I will no longer be "unemployed." I will not even be an independent contractor. I will, in fact, be working full-time for a venerable architecture firm in the Dallas area.
I'm excited, as you can imagine, but still scared to death. After all, I haven't had a job in 6 months, now, and I'll have to get used to getting up at 7 so I can be in the office by 9, sitting in a desk, reporting to someone else.
Bonus: I will be full-time with benefits. No more COBRA health care rigmarole to deal with, thankfully. I won't have to worry about filing my income taxes quarterly, as I would if I was a contractor (the discussion at my first interview revolved around this concept. I did some mental calculations, though, and they'd have to pay me more, actually, if I was independent than they would if I came on as a salaried employee).
Downside: my pay will be significantly less than it was at my last place of employment. As in 20% less than at my previous job. It's better than the annual max. $10,xxx the government gives to those of us on unemployment, but... I had hoped that I would be able to find an apartment in my old neighborhood or near there, but at my new low salary, there's no way I can afford to live there.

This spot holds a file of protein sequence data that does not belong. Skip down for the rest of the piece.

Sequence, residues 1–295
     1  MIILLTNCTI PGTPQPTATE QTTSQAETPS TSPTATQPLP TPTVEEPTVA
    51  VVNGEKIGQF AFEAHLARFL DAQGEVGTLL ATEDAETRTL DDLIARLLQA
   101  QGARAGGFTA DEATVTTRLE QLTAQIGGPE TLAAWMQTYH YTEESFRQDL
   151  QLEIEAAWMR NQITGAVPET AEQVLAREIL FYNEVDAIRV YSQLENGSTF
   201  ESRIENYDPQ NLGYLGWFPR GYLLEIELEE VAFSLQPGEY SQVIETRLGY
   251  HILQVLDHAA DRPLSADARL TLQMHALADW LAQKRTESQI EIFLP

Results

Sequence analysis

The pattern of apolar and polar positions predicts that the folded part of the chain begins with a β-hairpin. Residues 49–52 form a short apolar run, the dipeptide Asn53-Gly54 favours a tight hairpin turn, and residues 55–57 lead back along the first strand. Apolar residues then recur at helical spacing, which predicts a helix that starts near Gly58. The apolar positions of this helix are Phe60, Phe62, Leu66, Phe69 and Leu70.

I spoke to my dad Thursday afternoon, and he discussed with one of his business contacts my business idea (which was originally my dad's idea, but he gave it to me). His BC told him that, if I'd set up the company and get it going, he could get me more business than I could shake a stick at. So that's looking hopeful. My one hope now for getting into a "place of my own" is the business.
If all goes well, it may allow me to move into a nicer place than I had before I lost my job and still save up money for that ever-elusive goal: graduate school.
(Creative Commons Licensed Image Courtesy of Wikimedia Commons user Aceplace. The image can be found at http://en.wikipedia.org/wiki/File:HPIM1041_edited-1.jpg)